The Nebraska Attorney General holds the position of chief law enforcement officer and is responsible for enforcing Nebraska’s consumer protection laws, which includes the regulation of controlled substances. In Nebraska, despite the changes in marijuana laws in various states, synthetically produced THCs, such as delta-8, are still illegal or face significant usage restrictions.
The Nebraska Department of Agriculture’s Noxious Weed Program oversees the Noxious Weed Control Act, identifying harmful or destructive plant species for regulation purposes. This includes marijuana, which is classified under the noxious weed category and is subject to strict control measures.
Regarding the taxation of controlled substances, the Marijuana and Controlled Substances Tax Act of the Nebraska Revenue Statutes (Neb. Rev. Stat. 77-4301 et seq.) outlines that individuals in possession of marijuana or controlled substances above a certain amount must purchase drug tax stamps, or they will face penalties.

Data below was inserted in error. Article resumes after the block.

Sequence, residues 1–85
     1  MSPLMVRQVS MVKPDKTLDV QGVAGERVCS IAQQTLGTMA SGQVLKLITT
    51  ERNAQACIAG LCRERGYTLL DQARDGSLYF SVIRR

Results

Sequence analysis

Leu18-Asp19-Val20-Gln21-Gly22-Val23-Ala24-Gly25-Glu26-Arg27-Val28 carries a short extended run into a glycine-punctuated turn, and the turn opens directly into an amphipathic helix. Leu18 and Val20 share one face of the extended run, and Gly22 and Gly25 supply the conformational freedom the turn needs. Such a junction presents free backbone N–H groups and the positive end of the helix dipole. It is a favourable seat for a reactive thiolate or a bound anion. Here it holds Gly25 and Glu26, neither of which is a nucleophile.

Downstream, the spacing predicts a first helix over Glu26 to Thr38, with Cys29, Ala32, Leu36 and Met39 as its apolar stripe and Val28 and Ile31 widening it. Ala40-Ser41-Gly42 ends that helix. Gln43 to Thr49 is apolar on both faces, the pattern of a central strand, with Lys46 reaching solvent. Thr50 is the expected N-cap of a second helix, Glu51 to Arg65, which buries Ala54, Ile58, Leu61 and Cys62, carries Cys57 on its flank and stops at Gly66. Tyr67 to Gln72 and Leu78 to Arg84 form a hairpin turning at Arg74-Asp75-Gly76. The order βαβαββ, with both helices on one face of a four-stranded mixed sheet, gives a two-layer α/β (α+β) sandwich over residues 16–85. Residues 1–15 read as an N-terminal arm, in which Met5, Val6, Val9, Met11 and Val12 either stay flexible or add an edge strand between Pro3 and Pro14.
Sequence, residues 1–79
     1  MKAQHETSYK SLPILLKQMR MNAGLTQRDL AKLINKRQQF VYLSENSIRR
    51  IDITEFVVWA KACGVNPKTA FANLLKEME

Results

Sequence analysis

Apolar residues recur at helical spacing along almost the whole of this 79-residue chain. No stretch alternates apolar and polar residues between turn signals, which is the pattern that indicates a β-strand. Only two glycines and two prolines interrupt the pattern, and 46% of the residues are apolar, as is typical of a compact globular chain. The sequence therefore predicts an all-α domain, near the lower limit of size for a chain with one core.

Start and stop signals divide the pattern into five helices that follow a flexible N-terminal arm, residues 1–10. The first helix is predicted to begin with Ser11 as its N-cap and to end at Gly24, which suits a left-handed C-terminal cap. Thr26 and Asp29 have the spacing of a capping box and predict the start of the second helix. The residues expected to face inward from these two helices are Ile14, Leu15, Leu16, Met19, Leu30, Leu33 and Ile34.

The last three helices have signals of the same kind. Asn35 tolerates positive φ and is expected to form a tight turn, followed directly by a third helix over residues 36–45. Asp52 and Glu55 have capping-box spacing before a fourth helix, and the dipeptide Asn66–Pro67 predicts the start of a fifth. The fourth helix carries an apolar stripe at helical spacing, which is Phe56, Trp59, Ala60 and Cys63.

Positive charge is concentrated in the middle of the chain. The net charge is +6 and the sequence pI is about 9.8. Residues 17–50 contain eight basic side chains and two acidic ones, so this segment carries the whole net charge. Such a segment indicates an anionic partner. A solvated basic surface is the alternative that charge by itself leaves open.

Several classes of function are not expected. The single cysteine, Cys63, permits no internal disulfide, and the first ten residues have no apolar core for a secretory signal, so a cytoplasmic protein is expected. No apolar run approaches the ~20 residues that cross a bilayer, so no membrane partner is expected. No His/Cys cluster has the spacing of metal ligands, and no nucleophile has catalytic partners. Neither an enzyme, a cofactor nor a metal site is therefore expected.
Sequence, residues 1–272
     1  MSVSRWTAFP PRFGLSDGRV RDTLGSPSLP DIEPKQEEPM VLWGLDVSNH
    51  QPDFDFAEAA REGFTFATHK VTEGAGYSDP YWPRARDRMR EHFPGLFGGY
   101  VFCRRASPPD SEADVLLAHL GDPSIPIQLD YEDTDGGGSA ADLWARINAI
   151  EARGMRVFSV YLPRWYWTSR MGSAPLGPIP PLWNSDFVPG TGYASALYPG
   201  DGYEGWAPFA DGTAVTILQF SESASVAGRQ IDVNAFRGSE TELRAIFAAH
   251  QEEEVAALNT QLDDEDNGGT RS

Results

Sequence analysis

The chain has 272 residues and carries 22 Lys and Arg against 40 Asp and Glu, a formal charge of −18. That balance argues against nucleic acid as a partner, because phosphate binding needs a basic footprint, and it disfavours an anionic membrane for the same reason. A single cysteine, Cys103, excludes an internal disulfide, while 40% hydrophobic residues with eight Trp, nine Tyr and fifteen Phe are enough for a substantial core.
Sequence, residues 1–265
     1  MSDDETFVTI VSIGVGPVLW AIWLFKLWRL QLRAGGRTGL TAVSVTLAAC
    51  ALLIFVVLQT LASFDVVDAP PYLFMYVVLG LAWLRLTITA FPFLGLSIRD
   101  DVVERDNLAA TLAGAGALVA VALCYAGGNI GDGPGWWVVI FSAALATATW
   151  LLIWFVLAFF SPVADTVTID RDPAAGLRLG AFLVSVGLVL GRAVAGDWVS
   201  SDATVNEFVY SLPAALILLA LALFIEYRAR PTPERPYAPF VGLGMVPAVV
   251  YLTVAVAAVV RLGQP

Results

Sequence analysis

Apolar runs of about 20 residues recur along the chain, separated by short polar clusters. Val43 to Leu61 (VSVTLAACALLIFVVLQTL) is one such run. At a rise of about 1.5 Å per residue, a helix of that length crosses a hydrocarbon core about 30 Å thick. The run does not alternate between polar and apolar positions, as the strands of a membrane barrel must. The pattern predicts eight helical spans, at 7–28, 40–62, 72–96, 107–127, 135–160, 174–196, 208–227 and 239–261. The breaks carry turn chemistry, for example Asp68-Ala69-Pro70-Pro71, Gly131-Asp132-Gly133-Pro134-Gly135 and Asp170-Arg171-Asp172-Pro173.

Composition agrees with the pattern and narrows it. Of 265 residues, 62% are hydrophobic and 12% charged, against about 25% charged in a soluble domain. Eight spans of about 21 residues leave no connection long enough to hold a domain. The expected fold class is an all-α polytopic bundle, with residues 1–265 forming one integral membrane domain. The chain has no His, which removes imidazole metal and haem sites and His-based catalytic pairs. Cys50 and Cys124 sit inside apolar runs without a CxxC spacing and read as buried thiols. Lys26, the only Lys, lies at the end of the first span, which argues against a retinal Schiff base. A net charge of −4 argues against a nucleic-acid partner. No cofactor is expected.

The Nebraska Hemp Farming Act defines legal terms related to hemp cultivation, which is permissible under specific regulations. ‘Hemp’ refers to the Cannabis sativa L. plant and includes its viable seeds, derivatives, extracts, cannabinoids, and so on, whether growing or not. The act strictly distinguishes hemp from marijuana based on THC content, with hemp containing a THC level of 0.3% or less on a dry weight basis.
Additionally, the Nebraska Weed Control Association and the state’s Noxious Weed Control Act lay out the responsibilities of landowners, counties, and the state for controlling noxious weeds, which, by definition, includes marijuana.
For specific queries related to weed control or the classification of noxious weeds, one can refer to resources provided by Lancaster County NE and the Nebraska Department of Agriculture.